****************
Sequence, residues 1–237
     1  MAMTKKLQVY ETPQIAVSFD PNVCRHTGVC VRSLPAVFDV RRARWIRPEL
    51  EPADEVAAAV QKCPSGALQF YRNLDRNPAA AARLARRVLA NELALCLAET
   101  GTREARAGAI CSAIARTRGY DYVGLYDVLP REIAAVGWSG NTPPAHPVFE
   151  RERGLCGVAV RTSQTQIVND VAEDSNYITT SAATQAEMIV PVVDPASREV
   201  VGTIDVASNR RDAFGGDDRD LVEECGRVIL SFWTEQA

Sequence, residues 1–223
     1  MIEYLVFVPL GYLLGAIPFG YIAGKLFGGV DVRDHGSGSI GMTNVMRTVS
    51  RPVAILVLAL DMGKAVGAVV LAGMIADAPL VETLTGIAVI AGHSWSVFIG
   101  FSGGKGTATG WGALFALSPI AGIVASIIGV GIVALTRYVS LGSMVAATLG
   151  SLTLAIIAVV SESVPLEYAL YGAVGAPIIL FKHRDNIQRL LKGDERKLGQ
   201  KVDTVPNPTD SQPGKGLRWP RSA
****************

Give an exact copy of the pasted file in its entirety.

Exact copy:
Sequence, residues 1–237
     1  MAMTKKLQVY ETPQIAVSFD PNVCRHTGVC VRSLPAVFDV RRARWIRPEL
    51  EPADEVAAAV QKCPSGALQF YRNLDRNPAA AARLARRVLA NELALCLAET
   101  GTREARAGAI CSAIARTRGY DYVGLYDVLP REIAAVGWSG NTPPAHPVFE
   151  RERGLCGVAV RTSQTQIVND VAEDSNYITT SAATQAEMIV PVVDPASREV
   201  VGTIDVASNR RDAFGGDDRD LVEECGRVIL SFWTEQA

Sequence, residues 1–223
     1  MIEYLVFVPL GYLLGAIPFG YIAGKLFGGV DVRDHGSGSI GMTNVMRTVS
    51  RPVAILVLAL DMGKAVGAVV LAGMIADAPL VETLTGIAVI AGHSWSVFIG
   101  FSGGKGTATG WGALFALSPI AGIVASIIGV GIVALTRYVS LGSMVAATLG
   151  SLTLAIIAVV SESVPLEYAL YGAVGAPIIL FKHRDNIQRL LKGDERKLGQ
   201  KVDTVPNPTD SQPGKGLRWP RSA